Friday, May 4, 2012

Letter of Non-Intent

The Beverly Hills Courier published an interesting history of the Japanese Garden and its proposed sale by UCLA in its May 4 issue.  Links to just that article and to the paper as a whole are below.  It contains an interesting statement by former Dean Fred Eiserling on p. 10:

Using a letter written by Dean of Life Sciences Fred Eiserling in June 1993 to Vice Chancellor Alan Charles, UCLA partially based its argument to sell the gardens on Eiserling’s assertion that it did research purpose and would be better suited for another use within the University. In 1965, the University’s Alumni magazine stated “the gardens will be used for instruction, conferences, and activities of many UCLA departments and University-related groups, especially architecture, art, botany, and theater arts.”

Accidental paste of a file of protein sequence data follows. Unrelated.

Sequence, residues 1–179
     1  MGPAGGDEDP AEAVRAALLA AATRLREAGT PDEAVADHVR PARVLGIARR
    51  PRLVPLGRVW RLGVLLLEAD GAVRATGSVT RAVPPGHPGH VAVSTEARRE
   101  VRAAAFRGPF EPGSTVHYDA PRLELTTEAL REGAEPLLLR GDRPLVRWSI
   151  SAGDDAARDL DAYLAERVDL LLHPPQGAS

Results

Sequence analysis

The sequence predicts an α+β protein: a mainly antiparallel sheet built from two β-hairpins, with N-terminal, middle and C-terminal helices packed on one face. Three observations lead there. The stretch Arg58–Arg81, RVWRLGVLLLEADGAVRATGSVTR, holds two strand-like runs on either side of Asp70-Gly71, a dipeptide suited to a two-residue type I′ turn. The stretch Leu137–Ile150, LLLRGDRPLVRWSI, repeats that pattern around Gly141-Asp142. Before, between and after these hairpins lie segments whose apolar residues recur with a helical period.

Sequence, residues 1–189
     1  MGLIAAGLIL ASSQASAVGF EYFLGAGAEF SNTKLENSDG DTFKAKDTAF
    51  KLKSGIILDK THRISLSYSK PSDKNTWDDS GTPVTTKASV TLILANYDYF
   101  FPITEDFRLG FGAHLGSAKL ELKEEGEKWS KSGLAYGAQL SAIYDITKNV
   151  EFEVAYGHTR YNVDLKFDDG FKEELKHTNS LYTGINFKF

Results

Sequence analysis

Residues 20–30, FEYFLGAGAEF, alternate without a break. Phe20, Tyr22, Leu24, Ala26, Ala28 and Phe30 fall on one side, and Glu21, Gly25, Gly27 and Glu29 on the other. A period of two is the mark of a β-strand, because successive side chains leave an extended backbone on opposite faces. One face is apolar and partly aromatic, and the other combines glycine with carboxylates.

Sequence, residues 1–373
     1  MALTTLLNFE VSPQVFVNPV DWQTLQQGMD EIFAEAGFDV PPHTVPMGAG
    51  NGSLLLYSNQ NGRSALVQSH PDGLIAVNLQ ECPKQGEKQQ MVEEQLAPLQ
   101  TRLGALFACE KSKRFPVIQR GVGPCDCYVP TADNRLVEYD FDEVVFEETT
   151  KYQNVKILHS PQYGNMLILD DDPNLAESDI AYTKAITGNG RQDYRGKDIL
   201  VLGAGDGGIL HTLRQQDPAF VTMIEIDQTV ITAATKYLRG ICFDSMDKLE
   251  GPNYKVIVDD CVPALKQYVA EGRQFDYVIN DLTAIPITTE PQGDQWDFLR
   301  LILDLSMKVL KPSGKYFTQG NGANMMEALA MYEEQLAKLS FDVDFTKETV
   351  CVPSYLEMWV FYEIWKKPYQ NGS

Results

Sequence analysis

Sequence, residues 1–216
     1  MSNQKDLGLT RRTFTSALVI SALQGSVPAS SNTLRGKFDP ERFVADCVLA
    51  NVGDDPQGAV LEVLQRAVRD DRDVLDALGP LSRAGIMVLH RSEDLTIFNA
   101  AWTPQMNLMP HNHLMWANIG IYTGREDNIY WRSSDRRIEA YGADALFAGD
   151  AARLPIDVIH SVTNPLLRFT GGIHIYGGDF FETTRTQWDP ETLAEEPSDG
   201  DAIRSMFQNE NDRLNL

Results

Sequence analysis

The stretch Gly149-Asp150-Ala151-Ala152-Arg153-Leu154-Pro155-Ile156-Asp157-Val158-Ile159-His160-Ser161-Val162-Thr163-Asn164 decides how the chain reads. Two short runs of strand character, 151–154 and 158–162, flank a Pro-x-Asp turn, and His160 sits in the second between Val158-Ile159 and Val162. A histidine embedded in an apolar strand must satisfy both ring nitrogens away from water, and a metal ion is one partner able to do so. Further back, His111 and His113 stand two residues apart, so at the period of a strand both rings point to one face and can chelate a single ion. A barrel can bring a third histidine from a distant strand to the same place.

According to Eiserling, who served as dean of Life Sciences from 1987 to 2004, the intent of his letter was not to pave the way for the university to sell the property. “I was never part of the planning operation,” he said. “I wanted to divest the Life Sciences of that garden... From our standpoint it had no educational value.”

The full newspaper (it doesn’t break out individual articles) is at: (The garden article appears on pp. 1 and 10.)

Read just the article below:

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